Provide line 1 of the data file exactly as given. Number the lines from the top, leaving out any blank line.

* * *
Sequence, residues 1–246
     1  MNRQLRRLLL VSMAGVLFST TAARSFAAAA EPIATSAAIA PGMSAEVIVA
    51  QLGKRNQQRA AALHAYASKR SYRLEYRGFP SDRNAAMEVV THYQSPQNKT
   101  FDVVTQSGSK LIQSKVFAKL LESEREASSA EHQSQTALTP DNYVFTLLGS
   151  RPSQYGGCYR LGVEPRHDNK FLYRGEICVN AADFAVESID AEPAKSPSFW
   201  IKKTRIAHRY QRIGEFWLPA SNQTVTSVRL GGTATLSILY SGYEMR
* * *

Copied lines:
Sequence, residues 1–246